A 2022 survey by The Uptime Institute found that over 75 percent of all service outages cost companies more than $100,000, with many respondents reporting this kind of disruption can cost more than $1 million per incident. Reputational and customer retention damage is more difficult to quantify but can also be significant. Networks running with reactionary operational plans leave large gaps in application performance and security, damaging business services across the board and opening the door for threat actors who can then access sensitive customer data, deploy ransomware, or more.

Automated enforcement

So, what can companies do? The answer: Prevent outages from occurring in the first place by using a no-code approach to automate the continual enforcement of all the desired network behaviors.

Prevention is the best line of defense, so make sure to establish a proactive verification strategy to identify potential problems and resolve them before they lead to network outages. It starts with using a no-code approach to articulate all the network behaviors or “intents” that must be in effect for business to operate properly. This allows your subject matter experts to share their knowledge in an executable fashion, without the need to involve programmers or development project teams. These intents may include certain types of application-to-application performance, a maximum allowable latency for interactive applications, secured access to information or devices, or a litany of quality-of-service requirements.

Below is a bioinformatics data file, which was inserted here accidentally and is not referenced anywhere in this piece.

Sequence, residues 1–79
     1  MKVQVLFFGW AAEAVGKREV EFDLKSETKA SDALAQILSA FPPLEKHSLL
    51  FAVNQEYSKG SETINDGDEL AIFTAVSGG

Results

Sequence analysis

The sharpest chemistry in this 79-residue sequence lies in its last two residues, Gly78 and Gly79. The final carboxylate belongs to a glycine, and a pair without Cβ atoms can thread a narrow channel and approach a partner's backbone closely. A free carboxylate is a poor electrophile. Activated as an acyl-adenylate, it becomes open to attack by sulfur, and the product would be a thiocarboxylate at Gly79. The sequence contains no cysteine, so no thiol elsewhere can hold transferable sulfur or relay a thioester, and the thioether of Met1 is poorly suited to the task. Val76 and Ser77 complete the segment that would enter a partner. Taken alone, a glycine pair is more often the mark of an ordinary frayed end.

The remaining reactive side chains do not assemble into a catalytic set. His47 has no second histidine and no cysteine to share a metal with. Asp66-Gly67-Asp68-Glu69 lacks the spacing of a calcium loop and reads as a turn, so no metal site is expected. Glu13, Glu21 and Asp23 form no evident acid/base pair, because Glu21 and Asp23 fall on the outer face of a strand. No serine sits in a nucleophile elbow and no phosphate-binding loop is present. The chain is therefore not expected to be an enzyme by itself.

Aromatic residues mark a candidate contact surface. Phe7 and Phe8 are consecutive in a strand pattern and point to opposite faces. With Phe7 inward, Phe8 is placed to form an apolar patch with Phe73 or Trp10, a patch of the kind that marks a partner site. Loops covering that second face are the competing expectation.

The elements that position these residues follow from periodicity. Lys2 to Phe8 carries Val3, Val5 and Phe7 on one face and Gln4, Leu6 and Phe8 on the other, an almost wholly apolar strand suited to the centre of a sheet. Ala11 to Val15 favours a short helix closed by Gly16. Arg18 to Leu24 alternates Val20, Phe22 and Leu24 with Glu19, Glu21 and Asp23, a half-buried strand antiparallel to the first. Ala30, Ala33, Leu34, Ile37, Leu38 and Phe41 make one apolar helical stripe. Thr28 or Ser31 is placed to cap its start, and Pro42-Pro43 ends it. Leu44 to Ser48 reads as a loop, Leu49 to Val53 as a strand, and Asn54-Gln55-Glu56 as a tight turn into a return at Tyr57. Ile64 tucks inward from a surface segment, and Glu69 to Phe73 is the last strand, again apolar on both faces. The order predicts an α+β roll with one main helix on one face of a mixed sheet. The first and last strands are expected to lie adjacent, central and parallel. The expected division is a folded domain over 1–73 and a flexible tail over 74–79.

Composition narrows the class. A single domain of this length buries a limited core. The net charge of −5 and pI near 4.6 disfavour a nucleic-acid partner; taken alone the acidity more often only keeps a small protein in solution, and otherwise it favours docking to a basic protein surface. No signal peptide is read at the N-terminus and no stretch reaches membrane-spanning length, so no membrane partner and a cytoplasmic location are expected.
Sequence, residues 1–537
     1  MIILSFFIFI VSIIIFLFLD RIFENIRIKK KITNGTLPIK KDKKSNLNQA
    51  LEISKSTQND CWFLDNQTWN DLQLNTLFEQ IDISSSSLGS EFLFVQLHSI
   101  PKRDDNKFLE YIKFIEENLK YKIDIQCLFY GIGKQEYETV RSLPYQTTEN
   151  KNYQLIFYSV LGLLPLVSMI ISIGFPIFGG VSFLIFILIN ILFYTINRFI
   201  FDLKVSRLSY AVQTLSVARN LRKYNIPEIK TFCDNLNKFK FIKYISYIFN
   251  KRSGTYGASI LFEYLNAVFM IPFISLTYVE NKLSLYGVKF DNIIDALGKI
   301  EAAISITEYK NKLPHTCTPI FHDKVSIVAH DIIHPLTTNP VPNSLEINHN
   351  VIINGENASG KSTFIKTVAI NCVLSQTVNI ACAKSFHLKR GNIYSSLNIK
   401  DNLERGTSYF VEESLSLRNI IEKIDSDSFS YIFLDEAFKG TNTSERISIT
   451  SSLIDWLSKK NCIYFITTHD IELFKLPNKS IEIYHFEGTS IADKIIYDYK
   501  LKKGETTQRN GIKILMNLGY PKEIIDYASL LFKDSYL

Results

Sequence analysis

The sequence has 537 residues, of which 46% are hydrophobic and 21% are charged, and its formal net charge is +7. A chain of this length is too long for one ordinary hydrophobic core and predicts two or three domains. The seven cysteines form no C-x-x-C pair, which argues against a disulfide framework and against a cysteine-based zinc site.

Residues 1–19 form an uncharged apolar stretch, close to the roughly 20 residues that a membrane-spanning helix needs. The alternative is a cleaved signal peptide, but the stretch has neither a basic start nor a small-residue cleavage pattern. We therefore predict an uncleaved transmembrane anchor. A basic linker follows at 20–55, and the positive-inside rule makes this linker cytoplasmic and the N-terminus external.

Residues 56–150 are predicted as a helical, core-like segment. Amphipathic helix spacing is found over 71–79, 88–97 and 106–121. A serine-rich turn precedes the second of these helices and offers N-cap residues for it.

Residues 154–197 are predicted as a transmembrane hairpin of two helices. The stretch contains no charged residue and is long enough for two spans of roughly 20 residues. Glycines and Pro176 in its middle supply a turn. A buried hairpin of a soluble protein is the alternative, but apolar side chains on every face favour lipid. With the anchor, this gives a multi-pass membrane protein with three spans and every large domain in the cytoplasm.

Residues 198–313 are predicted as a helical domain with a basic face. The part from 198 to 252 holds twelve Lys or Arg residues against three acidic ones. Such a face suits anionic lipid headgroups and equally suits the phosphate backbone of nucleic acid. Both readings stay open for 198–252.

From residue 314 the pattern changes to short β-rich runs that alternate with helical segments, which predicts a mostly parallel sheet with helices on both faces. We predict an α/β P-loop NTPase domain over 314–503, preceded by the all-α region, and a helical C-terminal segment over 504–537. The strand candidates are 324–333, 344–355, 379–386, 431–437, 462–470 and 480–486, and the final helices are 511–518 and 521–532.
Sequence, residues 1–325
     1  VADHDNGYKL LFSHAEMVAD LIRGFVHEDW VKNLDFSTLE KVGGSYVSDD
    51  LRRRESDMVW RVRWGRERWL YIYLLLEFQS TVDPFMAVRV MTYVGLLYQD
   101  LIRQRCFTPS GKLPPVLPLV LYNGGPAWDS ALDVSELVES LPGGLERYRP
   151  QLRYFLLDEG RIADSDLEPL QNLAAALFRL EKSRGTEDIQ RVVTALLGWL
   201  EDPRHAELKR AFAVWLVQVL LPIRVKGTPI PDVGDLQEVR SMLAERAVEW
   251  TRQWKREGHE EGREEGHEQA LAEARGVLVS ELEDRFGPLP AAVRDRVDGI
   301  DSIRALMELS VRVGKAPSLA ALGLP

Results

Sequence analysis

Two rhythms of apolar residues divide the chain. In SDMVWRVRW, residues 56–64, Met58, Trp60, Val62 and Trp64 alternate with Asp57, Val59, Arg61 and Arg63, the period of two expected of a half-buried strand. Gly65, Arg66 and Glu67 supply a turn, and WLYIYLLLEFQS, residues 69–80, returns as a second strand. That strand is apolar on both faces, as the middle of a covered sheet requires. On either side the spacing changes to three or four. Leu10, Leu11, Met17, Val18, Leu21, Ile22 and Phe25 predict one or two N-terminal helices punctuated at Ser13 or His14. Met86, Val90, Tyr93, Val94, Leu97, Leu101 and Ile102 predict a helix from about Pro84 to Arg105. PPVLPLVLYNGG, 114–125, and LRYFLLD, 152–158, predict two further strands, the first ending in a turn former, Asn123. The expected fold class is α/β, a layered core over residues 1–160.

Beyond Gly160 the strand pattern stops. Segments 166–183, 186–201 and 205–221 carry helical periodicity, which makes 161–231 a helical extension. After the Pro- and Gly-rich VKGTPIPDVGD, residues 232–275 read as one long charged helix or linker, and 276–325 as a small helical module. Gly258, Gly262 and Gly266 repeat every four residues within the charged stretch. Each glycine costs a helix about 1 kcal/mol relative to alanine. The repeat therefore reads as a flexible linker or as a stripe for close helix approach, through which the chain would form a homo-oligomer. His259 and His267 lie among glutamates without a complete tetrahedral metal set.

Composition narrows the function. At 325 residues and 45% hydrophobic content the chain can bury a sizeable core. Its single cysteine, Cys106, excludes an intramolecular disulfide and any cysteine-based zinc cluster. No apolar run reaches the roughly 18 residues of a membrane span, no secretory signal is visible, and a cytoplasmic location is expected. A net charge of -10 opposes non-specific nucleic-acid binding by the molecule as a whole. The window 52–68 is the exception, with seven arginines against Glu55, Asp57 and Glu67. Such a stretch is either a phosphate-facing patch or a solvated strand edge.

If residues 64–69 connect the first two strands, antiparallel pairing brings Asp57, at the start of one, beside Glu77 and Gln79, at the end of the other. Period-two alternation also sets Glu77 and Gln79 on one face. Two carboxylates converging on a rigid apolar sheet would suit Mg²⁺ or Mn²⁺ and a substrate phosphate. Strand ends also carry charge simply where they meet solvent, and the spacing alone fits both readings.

Given this extensive list of required intents, no-code network automation can be leveraged to enforce all of these intents, confirming that they are intact, and taking action proactively if they are not. For example, if two network devices are expected to be a mirror of one another, the proactive approach is to define an intent that compares the two configurations to assure they are identical.

This same “intents” based approach should be used to power your change management processes, since the network intents associated with every device must be tested before and after any changes are made, in order to prevent unintended consequences and the resulting service outages.

By managing networks by intent, not by device, NetOps teams can easily pinpoint problems in the making. Continuously verifying network intents through automation will detect when application performance drops or when security access is compromised. By addressing issues before they touch users, enterprises reduce their unplanned downtime.

Today, preventing network outages comes down to WANTING to do so. The no-code network automation technology is available and can put to work all of the expertise and experience most organizations already have. By establishing a proactive NetOps strategy and making no-code network automation readily accessible to all IT teams, the majority of network failures will be a thing of the past.